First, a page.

Post by dbr »

norookie wrote:
dbr wrote:
norookie wrote::? I'd thought I'd posted in this thread already, I might not have, seeing I'd been in a rush yesterday. My reading the Wellesley Prospectus on P.19 says its active managers are betting a small % of its cash position, that the banks are coming back. IIRC it was 1.8% of its cash position was redeployed into BAC, HSBC, Deutschse Bank, and RBS. All banks, common or preferred, I know not. On 9/30/11. I know every town I've ever visited upon entry, has a Church, Temple or 2, a Bank, CU, or 2, and its taxation, and Town mgt, and safety authority all with in walking distance. I've always liked it, as an active position. <shrug> VG has some good active mgt funds too. 8-) "shudder" 8-) IMO :thumbsup. Can I post that on a INDEXERS board? :peace
This isn't an indexers board. Bogleheads like funds that have low costs and are tax efficient. Bogleheads also like diversified portfolios that don't try to market time or make risky bets that aren't justified by the expected return. Good (but not all) index funds, bought, held, and rebalanced meet many of these objectives. There are also funds that are not index funds that meet those objectives. Vanguard funds generally meet those objectives even when they are not index funds.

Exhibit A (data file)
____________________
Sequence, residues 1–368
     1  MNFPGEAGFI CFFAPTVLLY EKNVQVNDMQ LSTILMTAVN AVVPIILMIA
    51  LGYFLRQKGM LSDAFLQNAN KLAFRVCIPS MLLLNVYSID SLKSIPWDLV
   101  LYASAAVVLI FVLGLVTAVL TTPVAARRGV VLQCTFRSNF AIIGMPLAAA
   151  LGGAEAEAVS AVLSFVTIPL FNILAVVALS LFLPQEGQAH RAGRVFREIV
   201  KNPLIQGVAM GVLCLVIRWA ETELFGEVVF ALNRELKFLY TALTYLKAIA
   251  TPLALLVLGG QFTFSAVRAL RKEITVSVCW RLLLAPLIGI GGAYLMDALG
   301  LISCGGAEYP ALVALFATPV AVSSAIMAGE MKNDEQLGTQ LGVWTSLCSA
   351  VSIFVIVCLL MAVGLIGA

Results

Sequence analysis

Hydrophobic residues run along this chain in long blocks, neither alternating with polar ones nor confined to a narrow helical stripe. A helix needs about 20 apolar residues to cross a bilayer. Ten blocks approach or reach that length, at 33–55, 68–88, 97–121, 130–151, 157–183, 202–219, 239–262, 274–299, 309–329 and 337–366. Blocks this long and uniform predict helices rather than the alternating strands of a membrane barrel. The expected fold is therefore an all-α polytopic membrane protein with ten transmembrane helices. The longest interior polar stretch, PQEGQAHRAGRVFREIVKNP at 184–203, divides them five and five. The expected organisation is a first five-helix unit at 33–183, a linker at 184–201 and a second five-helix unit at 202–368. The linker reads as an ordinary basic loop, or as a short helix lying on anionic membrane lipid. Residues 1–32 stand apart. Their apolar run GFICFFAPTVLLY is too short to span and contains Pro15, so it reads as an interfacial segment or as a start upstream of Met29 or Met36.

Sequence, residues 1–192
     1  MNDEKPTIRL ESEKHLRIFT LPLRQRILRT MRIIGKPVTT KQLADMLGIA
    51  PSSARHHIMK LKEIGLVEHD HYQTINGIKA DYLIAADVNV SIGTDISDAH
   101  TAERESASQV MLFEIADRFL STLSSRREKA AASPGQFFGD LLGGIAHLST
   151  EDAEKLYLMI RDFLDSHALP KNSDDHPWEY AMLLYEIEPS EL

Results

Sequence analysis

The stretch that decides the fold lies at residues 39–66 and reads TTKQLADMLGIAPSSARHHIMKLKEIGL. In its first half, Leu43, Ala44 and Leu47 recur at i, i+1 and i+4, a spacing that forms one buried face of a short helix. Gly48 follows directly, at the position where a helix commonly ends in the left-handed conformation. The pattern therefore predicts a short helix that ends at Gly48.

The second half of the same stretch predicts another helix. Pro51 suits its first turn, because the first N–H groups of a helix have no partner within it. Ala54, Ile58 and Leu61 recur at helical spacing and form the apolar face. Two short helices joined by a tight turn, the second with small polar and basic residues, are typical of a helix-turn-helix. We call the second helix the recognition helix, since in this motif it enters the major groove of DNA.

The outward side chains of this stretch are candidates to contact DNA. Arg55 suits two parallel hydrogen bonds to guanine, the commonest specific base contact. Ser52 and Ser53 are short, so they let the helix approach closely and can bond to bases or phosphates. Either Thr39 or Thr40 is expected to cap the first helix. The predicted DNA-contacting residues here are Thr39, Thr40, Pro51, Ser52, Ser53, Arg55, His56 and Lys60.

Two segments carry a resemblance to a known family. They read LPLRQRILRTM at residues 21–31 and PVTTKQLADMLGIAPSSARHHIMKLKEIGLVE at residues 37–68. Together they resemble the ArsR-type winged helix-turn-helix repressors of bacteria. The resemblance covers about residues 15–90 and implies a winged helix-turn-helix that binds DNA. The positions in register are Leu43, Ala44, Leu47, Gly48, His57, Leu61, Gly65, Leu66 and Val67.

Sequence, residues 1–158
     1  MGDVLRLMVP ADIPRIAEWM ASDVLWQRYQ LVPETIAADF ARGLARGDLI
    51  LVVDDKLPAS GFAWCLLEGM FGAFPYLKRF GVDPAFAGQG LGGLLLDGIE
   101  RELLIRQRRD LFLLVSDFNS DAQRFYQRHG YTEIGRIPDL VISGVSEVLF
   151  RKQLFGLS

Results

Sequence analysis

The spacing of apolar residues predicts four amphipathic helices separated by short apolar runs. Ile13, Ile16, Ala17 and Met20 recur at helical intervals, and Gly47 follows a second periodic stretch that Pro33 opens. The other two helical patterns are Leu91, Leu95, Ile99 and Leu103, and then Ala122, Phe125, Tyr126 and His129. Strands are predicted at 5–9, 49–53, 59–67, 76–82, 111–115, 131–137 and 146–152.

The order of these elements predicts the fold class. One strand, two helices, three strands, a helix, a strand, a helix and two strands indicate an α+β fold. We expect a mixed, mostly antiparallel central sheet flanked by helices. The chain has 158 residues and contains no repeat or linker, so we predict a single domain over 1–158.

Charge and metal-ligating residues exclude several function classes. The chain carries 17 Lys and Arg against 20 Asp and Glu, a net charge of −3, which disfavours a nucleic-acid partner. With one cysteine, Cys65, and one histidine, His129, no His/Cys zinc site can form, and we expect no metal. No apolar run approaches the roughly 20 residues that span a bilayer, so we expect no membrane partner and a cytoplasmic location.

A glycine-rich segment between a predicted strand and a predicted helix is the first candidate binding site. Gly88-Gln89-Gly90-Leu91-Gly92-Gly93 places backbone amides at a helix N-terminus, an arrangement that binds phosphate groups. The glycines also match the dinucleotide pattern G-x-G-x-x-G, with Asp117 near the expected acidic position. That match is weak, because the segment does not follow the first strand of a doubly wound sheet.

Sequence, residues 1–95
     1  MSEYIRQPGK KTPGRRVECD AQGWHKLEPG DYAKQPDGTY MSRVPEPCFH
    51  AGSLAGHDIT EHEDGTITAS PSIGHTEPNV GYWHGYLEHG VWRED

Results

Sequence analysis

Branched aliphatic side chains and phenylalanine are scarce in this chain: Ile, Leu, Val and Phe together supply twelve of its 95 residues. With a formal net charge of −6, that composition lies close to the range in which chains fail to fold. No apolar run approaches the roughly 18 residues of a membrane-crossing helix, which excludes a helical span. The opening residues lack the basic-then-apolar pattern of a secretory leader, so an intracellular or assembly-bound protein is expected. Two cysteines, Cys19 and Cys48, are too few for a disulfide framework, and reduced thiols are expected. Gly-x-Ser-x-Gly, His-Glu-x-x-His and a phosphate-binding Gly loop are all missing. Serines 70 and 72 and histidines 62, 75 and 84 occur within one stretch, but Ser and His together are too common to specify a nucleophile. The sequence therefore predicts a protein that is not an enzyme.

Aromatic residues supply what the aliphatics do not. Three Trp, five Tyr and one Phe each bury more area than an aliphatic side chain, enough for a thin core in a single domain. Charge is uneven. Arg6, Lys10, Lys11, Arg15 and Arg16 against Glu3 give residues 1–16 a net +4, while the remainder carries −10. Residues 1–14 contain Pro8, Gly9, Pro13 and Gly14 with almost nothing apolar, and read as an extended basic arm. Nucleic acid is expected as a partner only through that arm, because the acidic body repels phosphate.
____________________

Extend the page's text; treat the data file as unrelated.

:D I know dbr, I was just "funning". My posting abilities are lacking. Sorry to stray OTOP.
8-) Indeed your actual point is quite correct. Even so, I suspect Bogleheads does have a misunderstood reputation of being an indexer's board when the fundamentals are more basic than that.
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Re: Why is Wellesley doing so well??

Post by tibbitts »

btenny wrote:My main issue with looking at Wellesley is trying to decide what to do with my Dodge and Cox allocation. Way back in 2002ish I decided to use DODBX instead of Wellington or Wellesley as a part of my stock/bond allocation before I discovered the Bogleheads and indexing. Well DODBX was fine for 6 years and then blew up in my face in 2008. They changed managers when the old regime retired. The new people bought a very big position in Lehman after it went down but before it went BK. That cost the fund 3-4% of value immediately. Since then the fund has recovered a little but has not done anything worth while and seems to be making more bad decisions. I have sold half and am looking to sell the other half. Now I need to decide how to redo my asset allocation...